As originally appeared on Associations Now.
As budgets become constrained, creative solutions emerge.
Crunching the numbers has become tougher than ever as budgeting has quickly risen to the top of the priority list for meeting planners. Even though the economy continues to improve, meeting departments are still being asked to cut back on meeting expenses, according to Convene’s 27th Annual Meetings Market Survey. Sixty-three percent have been asked to focus on reducing food and beverage expenses, followed by AV costs (54 percent).
How can you make the most out of a meeting that is constrained by costs? Here are three areas to focus on.
1. Develop strategic partnerships with local companies and organizations
Gen Con, North America’s oldest and largest gaming convention held in Indianapolis each year, has its own beer and its own pizza, thanks to Indy companies. For seven years, Gen Con, now in its 51st year, has partnered with Sun King Brewery to create a custom beer. The Indy company also provides some programming and hosts a beer garden at the convention.
“If we were to run that experience ourselves, we don’t have the expertise to create this kind of brewing operation,” says Jake Theis, Gen Con’s director of marketing.
The meeting team also partners with HotBox Pizza to create a custom pizza, with attendees voting on the name of the pizza.
“We found that our convention-goers really respond to authentic experiences, and the more that we can find great partners that are Indy-based that we can team with, we can deliver at a lower budget and above our attendees’ expectations,” Theis says.
For the past two years, the Indianapolis International Airport has created gaming areas at departure gates. Gen Con is aligning social media efforts with the airport to promote its newest portfolio of direct flights. Gen Con attendees represent all 50 states and all 10 Canadian provinces. In 2017, attendees visited from 64 countries.
2. Seek out creative food options
Food and beverage costs are often the biggest conference expense and an area meeting planners are being asked to cut back on. Gen Con partnered with Visit Indy to come up with a creative solution to reduce food costs while providing attendees an additional experience.
Gen Con capitalizes on both Indy’s food scene and the area surrounding the convention center. With a rotating schedule over four days, 50+ food trucks park outside the convention center.
“That created an informal meeting spot that now we’ve branded and decided to put more effort behind,” Theis says. “We’re calling our outdoor activations the Gen Con Block Party.”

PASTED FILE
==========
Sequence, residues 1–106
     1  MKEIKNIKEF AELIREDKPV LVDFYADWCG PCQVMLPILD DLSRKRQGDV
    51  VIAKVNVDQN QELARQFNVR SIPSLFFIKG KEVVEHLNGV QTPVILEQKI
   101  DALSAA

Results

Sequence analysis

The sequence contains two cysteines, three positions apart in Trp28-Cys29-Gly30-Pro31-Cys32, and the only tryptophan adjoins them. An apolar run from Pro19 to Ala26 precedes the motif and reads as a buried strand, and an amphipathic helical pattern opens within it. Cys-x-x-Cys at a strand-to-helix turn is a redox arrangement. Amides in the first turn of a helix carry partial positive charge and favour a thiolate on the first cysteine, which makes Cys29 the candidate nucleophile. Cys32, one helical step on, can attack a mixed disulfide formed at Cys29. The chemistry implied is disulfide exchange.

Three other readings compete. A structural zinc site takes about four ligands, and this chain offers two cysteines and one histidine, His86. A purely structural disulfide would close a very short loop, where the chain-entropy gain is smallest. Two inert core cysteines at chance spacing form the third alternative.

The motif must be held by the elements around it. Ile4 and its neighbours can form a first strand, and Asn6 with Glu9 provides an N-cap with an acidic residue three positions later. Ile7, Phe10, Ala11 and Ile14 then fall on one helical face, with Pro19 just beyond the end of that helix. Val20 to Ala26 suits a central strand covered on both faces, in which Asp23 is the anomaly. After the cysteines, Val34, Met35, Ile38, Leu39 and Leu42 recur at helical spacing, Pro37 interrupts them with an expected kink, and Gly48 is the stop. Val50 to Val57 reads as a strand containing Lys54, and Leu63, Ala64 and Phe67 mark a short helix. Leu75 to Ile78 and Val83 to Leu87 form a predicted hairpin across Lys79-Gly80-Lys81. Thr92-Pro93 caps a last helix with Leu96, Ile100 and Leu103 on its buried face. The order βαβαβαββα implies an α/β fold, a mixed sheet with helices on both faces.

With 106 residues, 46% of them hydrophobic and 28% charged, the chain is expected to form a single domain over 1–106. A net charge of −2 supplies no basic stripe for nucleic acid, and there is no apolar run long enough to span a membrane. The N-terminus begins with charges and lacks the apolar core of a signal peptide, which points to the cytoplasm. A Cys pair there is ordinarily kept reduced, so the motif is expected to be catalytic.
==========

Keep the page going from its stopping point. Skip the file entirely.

In 2018, the block party will kick off with a Sun King Brewing tapping party and a free outdoor concert.
3. Use data to maximize efficiencies while improving your meeting
Analyzing Gen Con’s surveys and event ticketing system data showed that the debut of games at the show was a large draw for attendees. In 2017, more than 400 games debuted at Gen Con. The event’s planners decided to partner with exhibitors to ramp up the marketing of these debuts, primarily through social media, which drives attendance and benefits exhibitors.
Gen Con data was also used to streamline the event’s program book. The book, which is complimentary with certain attendee levels, was over 360 pages at its peak.
“Through our data we were finding out that more and more attendees were using digital sign-up for events, and the usage of the physical program book to plan people’s schedules was diminishing year to year,” Theis says.
Gen Con continues to produce the keepsake book, but the team eliminated the event charts, cutting the book in half and saving substantially on production costs.
Meeting planners don’t have to think of cutting costs as a directive you’re being forced to implement. Instead, consider creative ways to build partnerships and maximize your data to build an efficient meeting that offers the best to attendees.
“We look to see [whether we] can we offer the attendee an amenity or a perk that they previously weren’t getting that is offset through some amount of branding, sponsorship or partnership,” Theis says. “If anything, we try to give the attendee more.